The Interplay of Shadow Tag

I finished reading Shadow Tag by Louise Erdrich last Friday. It’s impact was so great I didn’t even try to read anything the entire weekend. I didn’t want to spoil the entire experience by accidentally reading something that did not rise to the same level.

Shadow Tag functions on so many levels; one’s mind plays its own version of shadow tag between them. There’s the main story of Irene American, a PhD candidate, and her husband, Gil, a celebrated painter who is most famous for his portraits of Irene in provocative poses and their manipulative mind games. Then there’s the story of their children straddling the white world and the native world and their games of survival. Behind it all is the subject of Irene’s dissertation, photographer George Catlin, who played his own manipulative mind games with light and shadow with the Native American populations of the 19th century. The interplay of these games leave the reader to decide who is the ultimate winner. Louise Erdrich has finely crafted, or better said, artistically woven these into an excellent work which perhaps leaves the reader as the true winner.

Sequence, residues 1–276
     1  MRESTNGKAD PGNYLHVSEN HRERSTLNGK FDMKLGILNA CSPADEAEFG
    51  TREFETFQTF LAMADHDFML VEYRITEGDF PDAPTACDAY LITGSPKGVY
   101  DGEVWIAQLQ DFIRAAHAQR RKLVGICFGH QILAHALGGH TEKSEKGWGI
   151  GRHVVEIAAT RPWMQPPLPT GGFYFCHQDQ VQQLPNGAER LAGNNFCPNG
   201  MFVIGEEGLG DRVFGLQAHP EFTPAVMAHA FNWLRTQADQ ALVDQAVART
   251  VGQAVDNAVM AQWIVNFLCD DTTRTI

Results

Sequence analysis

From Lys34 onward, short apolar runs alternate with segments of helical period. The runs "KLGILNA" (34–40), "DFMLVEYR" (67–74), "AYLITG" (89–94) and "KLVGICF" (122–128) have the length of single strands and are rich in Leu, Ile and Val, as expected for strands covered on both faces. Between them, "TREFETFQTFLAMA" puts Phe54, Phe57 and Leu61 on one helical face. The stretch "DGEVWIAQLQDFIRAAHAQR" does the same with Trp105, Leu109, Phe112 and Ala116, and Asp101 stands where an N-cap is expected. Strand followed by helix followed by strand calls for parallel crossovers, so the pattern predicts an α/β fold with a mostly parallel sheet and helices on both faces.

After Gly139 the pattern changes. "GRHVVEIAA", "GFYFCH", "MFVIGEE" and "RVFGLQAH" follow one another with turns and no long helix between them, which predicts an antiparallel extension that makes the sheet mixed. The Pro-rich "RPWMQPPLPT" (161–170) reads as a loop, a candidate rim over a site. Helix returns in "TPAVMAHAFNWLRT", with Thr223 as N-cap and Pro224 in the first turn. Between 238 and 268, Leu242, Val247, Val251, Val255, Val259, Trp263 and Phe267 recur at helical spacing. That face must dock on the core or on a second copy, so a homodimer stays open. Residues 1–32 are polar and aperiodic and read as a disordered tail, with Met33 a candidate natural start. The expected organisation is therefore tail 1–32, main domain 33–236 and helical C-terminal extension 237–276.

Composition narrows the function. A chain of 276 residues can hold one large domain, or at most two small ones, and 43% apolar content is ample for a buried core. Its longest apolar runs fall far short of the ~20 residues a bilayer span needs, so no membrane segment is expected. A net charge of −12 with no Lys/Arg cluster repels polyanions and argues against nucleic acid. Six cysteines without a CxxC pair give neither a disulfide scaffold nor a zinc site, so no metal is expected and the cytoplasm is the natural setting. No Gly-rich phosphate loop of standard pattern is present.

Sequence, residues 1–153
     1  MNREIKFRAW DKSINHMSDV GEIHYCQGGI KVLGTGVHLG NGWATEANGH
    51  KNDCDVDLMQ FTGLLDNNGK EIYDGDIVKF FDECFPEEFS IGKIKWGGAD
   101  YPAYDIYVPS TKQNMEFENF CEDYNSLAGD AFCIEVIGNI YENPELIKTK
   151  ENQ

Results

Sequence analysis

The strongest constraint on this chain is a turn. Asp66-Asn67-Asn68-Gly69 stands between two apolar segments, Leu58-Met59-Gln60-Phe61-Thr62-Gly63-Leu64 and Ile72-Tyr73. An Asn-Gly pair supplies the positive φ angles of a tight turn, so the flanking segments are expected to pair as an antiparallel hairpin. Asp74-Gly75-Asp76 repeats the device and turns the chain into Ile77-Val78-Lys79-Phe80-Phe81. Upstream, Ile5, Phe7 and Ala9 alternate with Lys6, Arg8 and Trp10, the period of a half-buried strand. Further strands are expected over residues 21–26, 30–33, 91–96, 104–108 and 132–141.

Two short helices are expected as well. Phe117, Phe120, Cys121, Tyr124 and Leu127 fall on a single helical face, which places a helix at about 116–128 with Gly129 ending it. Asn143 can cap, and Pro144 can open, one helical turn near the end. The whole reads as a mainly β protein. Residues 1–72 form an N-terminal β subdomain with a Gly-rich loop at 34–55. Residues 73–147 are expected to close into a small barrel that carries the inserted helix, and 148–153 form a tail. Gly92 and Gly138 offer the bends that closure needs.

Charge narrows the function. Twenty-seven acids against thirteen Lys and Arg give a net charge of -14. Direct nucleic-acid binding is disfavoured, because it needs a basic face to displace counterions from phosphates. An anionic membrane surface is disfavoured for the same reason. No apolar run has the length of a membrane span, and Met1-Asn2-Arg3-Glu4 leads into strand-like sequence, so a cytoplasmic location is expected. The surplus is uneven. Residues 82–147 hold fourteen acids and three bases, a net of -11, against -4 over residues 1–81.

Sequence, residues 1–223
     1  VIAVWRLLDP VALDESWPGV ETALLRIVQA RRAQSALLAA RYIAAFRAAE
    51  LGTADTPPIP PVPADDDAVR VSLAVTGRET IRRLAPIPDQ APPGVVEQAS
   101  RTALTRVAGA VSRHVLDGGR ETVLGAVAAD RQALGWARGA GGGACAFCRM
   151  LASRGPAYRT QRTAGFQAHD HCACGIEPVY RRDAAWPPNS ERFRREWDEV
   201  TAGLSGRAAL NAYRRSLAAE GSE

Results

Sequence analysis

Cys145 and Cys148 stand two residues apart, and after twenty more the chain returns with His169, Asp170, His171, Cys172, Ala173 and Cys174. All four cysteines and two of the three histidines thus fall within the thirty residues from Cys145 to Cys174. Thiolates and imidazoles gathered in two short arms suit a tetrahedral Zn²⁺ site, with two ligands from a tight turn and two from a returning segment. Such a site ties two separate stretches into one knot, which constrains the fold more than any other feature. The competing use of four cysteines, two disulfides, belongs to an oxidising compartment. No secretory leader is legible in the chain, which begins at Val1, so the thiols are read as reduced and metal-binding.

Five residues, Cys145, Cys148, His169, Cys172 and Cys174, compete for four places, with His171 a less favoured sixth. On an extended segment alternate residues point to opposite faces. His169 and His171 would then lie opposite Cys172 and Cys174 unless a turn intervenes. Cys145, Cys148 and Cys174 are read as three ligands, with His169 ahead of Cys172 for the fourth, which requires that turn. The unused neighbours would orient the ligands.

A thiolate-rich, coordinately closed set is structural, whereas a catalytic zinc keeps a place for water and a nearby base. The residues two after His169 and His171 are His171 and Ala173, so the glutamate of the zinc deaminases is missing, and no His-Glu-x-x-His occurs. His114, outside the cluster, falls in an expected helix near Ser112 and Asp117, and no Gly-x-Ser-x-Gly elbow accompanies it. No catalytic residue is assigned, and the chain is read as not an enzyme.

This novel will likely be one the great pieces of literature from our era. It’s one of the best I’ve read in some time and it’s certainly the best I’ve read of this author.


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